Eddie Murphy has acted in a fair share of family-friendly comedies from The Nutty Professor to the Shrek quadrilogy and A Thousand Words with varying degrees of success. But believe it or not, Candy Cane Lane marks the veteran comedian’s first holiday/Christmas film or at least that’s what it was heavily marketed as such. Frankly, I find it debatable since I always thought he already had a Christmas movie (of sorts) in the form of the 1983 comedy classic, Trading Places.
And that is not all, as Candy Cane Lane also reunites Murphy with Reginald Hudlin for the second time since they last collaborated in the 1992 cult classic, Boomerang. Working on Kelly Younger’s potentially ambitious screenplay that uses the traditional Christmas carol “12 Days of Christmas” as a groundwork for experimenting with multiple genres in a Christmas comedy formula, the story follows Chris Carver (Eddie Murphy), who is determined to win the annual titular Christmas house-decorating contest.
Then something unexpected happens: He’s been laid off from his job and he doesn’t want his wife, Carol (Tracee Ellis Ross) to let their children (Genneya Walton’s Joy, Thaddeus J. Mixson’s Nick and Madison Thomas’ Holly) know about it.
Just when all hope seems lost, there’s a public announcement that whoever wins the upcoming Christmas house-decorating contest gets to take home $100,000. Chris immediately sees this as an opportunity to make sure everything goes well as planned. And this includes going as far as making a deal with the devil or in the case of Candy Cane Lane, a mysterious stranger named Pepper (Jillian Bell) when he and his youngest daughter, Holly stumble upon a hidden pop-up shop.
Well, Chris ends up buying a tall decoration shaped like a Christmas tree with eye-catching ornaments representing the 12 Days of Christmas. He doesn’t even hesitate to sign a long (and I mean, long) receipt without bothering to read all the fine print. He figures as long as his so-called perfect purchase can win the contest, nothing else matters. What happens next is Pepper, who is a rogue elf in disguise, casts a spell on the decoration that turns the 12 Days of Christmas ornaments into living things.
As time is running out, Chris needs to break the spell by obtaining five golden rings from the living 12 Days of Christmas ornaments before he turns into a Christmas figurine.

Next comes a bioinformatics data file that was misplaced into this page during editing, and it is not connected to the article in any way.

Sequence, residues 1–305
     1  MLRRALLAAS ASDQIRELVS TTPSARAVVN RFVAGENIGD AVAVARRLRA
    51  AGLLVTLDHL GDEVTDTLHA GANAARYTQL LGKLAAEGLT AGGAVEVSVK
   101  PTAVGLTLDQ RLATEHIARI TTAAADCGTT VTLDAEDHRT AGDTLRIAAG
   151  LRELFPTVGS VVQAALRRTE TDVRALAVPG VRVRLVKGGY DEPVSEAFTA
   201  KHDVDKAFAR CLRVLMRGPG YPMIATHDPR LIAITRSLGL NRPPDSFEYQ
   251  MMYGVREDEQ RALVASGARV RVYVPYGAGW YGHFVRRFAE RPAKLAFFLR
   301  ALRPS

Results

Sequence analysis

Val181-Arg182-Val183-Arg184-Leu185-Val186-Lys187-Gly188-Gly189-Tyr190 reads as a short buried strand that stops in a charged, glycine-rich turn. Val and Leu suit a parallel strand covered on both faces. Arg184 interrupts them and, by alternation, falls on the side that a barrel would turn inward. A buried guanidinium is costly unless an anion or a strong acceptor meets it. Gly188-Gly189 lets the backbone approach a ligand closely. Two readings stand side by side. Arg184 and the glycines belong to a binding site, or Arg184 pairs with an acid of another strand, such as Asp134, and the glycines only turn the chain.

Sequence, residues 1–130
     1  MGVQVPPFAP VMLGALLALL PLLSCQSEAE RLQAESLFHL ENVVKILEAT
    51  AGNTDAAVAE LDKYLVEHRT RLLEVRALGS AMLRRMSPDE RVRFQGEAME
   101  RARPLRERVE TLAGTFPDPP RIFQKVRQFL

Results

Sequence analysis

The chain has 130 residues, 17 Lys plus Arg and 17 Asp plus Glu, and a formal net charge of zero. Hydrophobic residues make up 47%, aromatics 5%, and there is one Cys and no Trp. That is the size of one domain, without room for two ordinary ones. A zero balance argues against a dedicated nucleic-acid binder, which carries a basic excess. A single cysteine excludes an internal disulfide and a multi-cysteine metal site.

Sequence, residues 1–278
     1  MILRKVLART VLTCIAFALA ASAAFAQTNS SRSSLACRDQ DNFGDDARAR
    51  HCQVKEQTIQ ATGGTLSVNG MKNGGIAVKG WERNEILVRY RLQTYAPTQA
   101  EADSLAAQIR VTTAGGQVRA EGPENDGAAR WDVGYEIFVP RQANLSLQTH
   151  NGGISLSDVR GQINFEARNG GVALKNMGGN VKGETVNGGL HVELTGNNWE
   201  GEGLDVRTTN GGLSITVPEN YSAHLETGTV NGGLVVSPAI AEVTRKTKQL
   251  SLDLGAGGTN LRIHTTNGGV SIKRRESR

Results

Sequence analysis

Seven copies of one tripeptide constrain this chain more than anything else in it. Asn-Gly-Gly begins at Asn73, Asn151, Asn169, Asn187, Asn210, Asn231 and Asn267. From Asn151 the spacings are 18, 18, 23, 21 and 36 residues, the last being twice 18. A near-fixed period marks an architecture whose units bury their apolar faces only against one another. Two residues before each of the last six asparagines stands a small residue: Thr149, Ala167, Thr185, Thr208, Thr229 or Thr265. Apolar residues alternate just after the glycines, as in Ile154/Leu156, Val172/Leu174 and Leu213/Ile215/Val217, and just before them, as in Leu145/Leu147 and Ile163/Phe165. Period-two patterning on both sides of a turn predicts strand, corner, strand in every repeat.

As mentioned earlier, the multiple genres in question cover everything from a Christmas-themed comedy to a whimsical, wish-fulfilment fantasy, family drama and even a dash of quirky horror tropes. The latter is especially true with the 12 Days of Christmas ornaments coming to life (for instance, we have flying geese a-laying assaulting Carol with eggs).
On paper, it sounds like a whole lot of fun but Hudlin’s haphazard direction is sadly all over the place. The comedy is mostly tedious and unfunny and not even the presence of Eddie Murphy can save much. The problem is that Murphy’s incredibly subdued performance prevents him from showcasing his signature improv-style comedic chops. He looks like he’s going through the motions but his co-stars, namely Tracee Ellis Ross as well as Nick Offerman and Chris Redd, where the latter two play respective figurines, Pip and Lamplighter Gary deliver decent supporting turns. The CGI on the lifelike figurines, in the meantime, are adequate.
Too bad at two hours long, Candy Cane Lane suffers from a clunky editing that overstays its welcome. Reginald Hudlin and screenwriter Kelly Younger may have come up with a few cool ideas that bring a fresh perspective to the 12 Days of Christmas. But the overall heavy-handed execution resulted in a missed opportunity of a would-be entertaining and inventive Christmas comedy.
Candy Cane Lane is currently streaming on Prime Video.